• Pragmatic advertising:

Instead of being a new form of advertising, programmatic advertising is instead a way of measuring the effectiveness of labor spending so that economic advertising resources can be directed to the most productive workplaces and platforms.

Programmatic advertising has already proven its effectiveness in several industries, making it easier for companies to see its effectiveness firsthand without investing heavily in implementation. In addition, they are easy-to-use tools that offer clear performance metrics and analysis so companies know if they are getting enough money for their advertising investment.

Simply having the data available is just one step to getting the most out of programmatic advertising. Today’s systems can behave dynamically according to configuration or rules set by individual companies. As a general rule, the amount a company saves through higher returns through the use of programmatic advertising should at least meet, if not exceed, the amount spent on the service.

  • Social search:

Many companies say they have already adopted social search technology, but what they are actually doing is often a sort of “hunting” approach, taking advantage of networks of individuals to reach out and expose themselves. Social search technology does the same thing at scale, accessing all publicly available information about prospects and passive candidates from all social networks in order to find potential customers and get jobs in front of people who are qualified for them.

Social search technology works very much like any other job advertising approach, but instead of using a font like Monster or Careerbuilder, it takes advantage of social networks on all available networks. This makes it especially suitable for identifying passive candidates rather than just targeting active job seekers.

It is not intended to replace job boards and other tools, but rather to work integrally with them. To determine what percentage of total labour expenditure should be spent on social search compared to job boards and other tools, companies should carefully examine their recruitment needs and ensure that they have good analytics to measure which approaches work best for them.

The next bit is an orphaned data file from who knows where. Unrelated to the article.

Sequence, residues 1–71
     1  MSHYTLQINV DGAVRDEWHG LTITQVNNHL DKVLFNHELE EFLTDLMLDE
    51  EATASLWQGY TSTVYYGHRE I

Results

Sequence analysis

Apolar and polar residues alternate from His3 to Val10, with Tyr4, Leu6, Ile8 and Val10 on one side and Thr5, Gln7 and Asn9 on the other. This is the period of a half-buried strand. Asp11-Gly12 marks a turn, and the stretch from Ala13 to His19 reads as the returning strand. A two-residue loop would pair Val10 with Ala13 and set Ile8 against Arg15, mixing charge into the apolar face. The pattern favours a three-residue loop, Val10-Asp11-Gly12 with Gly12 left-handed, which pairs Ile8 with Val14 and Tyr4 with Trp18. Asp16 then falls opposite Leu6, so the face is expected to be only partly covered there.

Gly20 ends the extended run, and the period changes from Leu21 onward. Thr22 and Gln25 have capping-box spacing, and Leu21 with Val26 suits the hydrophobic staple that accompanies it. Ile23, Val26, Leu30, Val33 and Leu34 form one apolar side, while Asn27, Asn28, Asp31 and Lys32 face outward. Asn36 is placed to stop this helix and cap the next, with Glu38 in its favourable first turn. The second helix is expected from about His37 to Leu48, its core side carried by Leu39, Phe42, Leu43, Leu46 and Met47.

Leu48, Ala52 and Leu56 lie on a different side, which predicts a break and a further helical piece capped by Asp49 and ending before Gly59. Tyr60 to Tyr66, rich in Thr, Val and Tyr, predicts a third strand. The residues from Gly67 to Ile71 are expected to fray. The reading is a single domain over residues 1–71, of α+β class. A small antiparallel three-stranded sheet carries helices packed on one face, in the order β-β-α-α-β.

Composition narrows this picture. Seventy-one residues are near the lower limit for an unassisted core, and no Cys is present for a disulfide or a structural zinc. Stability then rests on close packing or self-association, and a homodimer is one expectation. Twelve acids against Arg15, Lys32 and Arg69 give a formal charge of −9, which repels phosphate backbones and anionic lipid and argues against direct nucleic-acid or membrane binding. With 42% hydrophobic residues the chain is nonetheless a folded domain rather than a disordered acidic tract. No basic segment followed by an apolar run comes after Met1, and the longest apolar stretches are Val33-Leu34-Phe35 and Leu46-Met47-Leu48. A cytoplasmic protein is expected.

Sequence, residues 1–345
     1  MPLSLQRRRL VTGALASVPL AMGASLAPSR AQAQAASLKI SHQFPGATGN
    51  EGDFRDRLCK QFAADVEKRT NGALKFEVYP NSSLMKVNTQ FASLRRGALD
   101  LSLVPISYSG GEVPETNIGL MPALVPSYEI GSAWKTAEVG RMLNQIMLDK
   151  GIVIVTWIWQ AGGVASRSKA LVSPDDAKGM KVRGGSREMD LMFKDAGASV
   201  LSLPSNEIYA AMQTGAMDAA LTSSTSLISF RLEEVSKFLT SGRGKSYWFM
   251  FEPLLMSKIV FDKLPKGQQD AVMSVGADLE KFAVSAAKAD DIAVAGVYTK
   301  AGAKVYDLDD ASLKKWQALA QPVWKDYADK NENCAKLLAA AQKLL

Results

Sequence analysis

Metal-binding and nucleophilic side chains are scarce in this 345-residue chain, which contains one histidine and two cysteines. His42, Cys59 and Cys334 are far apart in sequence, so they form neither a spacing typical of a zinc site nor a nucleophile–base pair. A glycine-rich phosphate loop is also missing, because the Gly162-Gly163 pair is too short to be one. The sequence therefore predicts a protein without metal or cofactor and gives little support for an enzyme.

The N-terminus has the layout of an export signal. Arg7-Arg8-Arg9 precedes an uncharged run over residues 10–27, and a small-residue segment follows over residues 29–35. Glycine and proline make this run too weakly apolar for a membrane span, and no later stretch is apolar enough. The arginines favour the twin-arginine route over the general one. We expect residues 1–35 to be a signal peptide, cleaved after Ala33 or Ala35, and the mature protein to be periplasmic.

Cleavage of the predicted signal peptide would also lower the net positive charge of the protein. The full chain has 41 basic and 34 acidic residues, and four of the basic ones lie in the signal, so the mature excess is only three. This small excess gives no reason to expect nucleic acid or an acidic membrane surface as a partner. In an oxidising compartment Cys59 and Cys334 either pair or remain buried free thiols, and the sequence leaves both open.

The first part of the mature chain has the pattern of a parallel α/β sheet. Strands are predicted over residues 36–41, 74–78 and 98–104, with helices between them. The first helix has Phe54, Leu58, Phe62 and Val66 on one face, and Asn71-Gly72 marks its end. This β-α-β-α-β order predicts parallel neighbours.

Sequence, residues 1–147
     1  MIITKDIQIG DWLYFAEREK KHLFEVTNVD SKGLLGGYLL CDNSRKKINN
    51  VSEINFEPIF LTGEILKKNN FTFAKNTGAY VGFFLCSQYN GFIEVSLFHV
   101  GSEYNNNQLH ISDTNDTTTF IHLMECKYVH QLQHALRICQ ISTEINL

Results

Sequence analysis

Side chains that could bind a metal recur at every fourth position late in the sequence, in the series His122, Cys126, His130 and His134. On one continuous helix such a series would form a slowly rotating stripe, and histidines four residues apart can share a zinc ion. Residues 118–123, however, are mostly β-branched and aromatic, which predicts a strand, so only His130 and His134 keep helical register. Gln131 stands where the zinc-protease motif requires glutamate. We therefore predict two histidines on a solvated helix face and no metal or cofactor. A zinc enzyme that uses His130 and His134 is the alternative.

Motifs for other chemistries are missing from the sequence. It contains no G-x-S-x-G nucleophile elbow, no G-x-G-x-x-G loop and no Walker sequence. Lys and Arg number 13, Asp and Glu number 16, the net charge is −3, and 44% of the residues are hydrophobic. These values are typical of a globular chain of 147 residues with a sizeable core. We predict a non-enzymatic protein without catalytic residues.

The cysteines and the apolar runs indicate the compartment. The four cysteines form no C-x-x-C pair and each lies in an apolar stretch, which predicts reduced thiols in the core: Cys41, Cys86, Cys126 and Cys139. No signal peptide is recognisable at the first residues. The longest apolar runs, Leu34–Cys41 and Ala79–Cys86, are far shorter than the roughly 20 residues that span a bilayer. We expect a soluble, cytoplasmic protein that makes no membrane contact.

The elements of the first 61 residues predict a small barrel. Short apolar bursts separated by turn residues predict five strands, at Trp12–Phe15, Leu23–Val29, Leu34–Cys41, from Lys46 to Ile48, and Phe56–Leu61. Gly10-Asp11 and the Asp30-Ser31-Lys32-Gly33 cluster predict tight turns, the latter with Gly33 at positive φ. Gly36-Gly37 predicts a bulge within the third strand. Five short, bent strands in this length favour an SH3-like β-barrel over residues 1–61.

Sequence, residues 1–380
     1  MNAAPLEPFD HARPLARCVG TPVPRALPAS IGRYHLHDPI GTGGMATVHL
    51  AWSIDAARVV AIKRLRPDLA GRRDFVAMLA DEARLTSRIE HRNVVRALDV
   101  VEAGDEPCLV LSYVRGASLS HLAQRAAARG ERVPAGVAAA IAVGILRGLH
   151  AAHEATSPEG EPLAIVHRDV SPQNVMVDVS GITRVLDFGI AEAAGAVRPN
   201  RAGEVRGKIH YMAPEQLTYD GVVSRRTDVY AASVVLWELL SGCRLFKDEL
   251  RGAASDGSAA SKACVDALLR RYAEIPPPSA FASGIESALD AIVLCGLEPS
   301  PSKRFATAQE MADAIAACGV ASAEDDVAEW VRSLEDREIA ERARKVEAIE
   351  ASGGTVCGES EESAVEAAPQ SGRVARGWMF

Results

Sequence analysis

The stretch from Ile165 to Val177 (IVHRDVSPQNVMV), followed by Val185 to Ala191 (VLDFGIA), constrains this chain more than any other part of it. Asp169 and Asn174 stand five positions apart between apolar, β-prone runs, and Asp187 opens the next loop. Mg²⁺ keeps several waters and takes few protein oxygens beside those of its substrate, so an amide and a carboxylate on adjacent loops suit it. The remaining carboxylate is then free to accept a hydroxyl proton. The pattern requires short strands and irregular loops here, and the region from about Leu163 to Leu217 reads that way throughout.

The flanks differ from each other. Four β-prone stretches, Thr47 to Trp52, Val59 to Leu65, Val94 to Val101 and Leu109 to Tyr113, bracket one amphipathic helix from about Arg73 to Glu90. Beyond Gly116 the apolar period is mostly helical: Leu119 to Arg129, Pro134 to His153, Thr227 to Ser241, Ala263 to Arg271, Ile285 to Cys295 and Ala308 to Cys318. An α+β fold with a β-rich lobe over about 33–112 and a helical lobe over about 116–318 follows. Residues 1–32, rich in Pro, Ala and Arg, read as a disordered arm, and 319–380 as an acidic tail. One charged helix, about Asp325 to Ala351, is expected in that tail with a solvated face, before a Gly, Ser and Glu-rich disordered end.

• Recruitment Bots:

At this point, most companies have probably heard that recruitment robots are the wave of the future, but that statement is not so clear. Bots are already in the market, but the way they are best employed is still a work in progress.

While Bots may not yet be able to provide an enhanced candidate experience at every step of the process, they can certainly add value for some companies when implemented at the right points in the hiring process. The key is to determine exactly where those points are and position the Bots discreetly to perform specific tasks.

 

For many, it is not yet the right time to adopt Bots into existing workflows and recruitment processes. However, while Bots may not be an indispensable element, they will not disappear soon either, and now is definitely the right time for progressive companies to start paying more attention to recruitment Bots.

Bots can sometimes increase completion rates and collect more (and more focused) data when incorporated into the pre-application and implementation phases of the recruitment process. For other companies, Bots can replace a mundane, time-consuming activity such as scheduling interviews.

Conclusions

Experimentation with new technologies and trends can help keep companies abreast of developments that are rapidly becoming industry standards.

However, uninformed and reactive experimentation can cost companies a lot of time, energy and resources, often for very little profit. Companies must adopt new technologies when the cost of inaction is high and the risk of failure is low.

Most companies are already aware of this situation, so what they need is help recognising when the cost of ignoring a new technology is greater than the cost of adopting it.

Fortunately, keeping up with the latest trends does not always mean adopting a certain technology just for the good it can offer. Instead, companies need to be aware of what’s going on in the industry so that they know what’s available and when it’s the right time to start adopting new technology in their processes.